How Are You Cataloguing Your Negatives

Discussion in 'Talk About Anything Photography Related' started by Ian-Barber, Jan 28, 2018.

  1. Ian-Barber

    Ian-Barber Admin Staff Member Registered User

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    For those that have been using film for many years must have a fair collection of negatives. I was just wondering how you catalog them including the information about each negative such as exposure, lens, developer etc etc.

    I use Adobe Lightroom to catalog all my scans and relavent information.
     
  2. Ian Grant

    Ian Grant Active Member Registered User

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    I used a n Access database PhotoCat originally sharewarefor a few years, but Microsoft's Office upgrades made it non compatible. I'm rebuilding it in Libre Office, I had all the analog info as well as all digital versions. I want and need something more powerful than Lightroom, a real database.

    Ian
     
  3. mpirie

    mpirie Member Registered User

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    Lightroom for me.
     
  4. Ian-Barber

    Ian-Barber Admin Staff Member Registered User

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    What do you feel Lightroom does not have to offer.
     
  5. Stephen Batey

    Stephen Batey Well-Known Member Registered User

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    I rely on contact sheets filed in date order with the negatives in the same binders; my oldest photos are in three Paterson binders from the 1960s which are arranged roughly by subject - very roughly!

    I've never seen the need for holding exposure information, so have never recorded it. I can only identify the developer used in a few cases (except for the last few years which covers all 120 and LF where I've only used Rodinal).

    My LF negatives are scanned and have "4x4 contact prints" created digitally and stored on my computer, with the reference number that takes me to the (unnumbered) page in the binder i.e. I have to count pages to find a negative.

    All very low tech and amateurish - but then I'm an amateur :D.
     
  6. Ian-Barber

    Ian-Barber Admin Staff Member Registered User

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    Are you just laying the negatives on the platen and scanning them that way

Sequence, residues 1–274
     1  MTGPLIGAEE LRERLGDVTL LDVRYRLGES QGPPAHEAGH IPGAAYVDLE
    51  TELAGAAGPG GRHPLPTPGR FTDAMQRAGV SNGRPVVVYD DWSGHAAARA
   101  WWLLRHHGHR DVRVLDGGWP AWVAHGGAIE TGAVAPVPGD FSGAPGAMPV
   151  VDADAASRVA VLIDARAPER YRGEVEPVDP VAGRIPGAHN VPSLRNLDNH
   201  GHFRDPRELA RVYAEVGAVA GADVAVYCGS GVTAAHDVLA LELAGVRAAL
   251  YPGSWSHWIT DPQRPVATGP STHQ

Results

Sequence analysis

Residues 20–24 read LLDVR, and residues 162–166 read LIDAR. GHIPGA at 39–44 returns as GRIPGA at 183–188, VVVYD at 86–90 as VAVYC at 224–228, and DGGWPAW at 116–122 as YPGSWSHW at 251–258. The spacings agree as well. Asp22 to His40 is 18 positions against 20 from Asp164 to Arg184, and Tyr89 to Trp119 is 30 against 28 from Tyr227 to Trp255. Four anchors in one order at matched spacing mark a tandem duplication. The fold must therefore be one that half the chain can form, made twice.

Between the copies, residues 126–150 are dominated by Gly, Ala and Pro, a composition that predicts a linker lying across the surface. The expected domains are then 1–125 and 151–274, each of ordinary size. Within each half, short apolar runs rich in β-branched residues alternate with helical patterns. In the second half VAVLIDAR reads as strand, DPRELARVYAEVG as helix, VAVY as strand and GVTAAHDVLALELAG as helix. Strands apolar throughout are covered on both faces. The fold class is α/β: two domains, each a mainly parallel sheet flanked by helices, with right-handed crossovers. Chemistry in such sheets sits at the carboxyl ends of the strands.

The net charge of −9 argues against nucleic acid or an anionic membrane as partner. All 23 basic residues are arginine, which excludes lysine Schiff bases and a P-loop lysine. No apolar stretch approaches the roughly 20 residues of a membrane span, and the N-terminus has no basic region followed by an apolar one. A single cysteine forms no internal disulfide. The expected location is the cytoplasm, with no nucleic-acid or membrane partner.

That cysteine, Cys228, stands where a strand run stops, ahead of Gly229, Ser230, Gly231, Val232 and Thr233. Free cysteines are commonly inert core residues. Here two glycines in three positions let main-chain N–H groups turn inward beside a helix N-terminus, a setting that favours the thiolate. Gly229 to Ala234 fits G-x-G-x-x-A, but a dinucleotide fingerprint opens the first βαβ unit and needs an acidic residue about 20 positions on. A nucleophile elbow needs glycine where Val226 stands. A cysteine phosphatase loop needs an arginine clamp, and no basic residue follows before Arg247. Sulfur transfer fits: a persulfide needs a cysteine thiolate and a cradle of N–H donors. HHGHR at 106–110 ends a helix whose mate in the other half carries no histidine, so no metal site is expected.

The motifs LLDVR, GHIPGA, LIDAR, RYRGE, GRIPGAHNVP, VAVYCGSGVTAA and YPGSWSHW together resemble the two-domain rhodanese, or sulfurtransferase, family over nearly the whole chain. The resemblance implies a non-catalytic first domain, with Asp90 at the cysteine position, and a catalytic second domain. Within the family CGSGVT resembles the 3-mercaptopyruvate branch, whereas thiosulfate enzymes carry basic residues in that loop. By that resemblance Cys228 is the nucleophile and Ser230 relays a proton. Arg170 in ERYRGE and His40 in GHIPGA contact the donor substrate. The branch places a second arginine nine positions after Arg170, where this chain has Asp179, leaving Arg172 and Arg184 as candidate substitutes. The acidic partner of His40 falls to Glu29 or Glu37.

7. Stephen Batey

    Stephen Batey Well-Known Member Registered User

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    I'm using the film holders supplied with the scanner(s) (Epson V700/v850). The actual negative binders do hold some genuine contact prints made using Printfile (I think) print-through sleeves which hold the negatives and allow you to contact print without removing the negatives from the sleeve.

    I attempt to just scan the negatives once, so the same scan is used as the basis of the "contact" and any final prints.

    I've just put my first (in filing sequence) LF contact sheet here if you'd like to see it - three of the four are Yorkshire locations.
     
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  8. Ian Grant

    Ian Grant Active Member Registered User

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    I don't think Photoshop existed for Windows when I first wrote my database in Paradox (DOS), later using Db5 then Approach (pre Lotus) and finally imported it into PhotoCat a shareware Microsoft Access database that I customised further sharing it with the Author. Access (version 1) databases converted reasonably easily to version 2 but then Microsoft changed their version of Visual Basic and anything that used Basic coding needed a complete rewrite, I was running a precious metal analysis lab and someone had written a database that stored all the result data as well as the customer information, it also did the monthly invoicing etc. We couldn't upgrade Microsoft Office (in the lab) because we had to keep using Access 2 as it would have been a very time consuming upgrade, the person who had written it had left the company.

    I have equivalents of Lightroom, as well as earlier Image database software but they all require a digital image, I'm cataloguing thousands of negatives that I've never printed but data Mainly subject etc) needs to be archived, I need to be able to add many extra fields and searches. As a darkroom printer an SQL database suites my needs.

    Ian
     
  9. mpirie

    mpirie Member Registered User

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    I wrote a similar dBase stand-alone system for the medical school i was working at which catalogued all photographs and printed labels for those kept in the library. It didn't store images because it was back in the DOS days, but it was very quick and did what we needed. I often think about revitalising the system, but the effort involved in getting it to run on modern PC's just doesn't justify it......hence my move to Lightroom.

    I should add that i recently started using Bento (great programme, sh!t name) to catalogue my contact sheets so that in the darkroom i can use it to quickly find out the processing and printing details of a particular film record.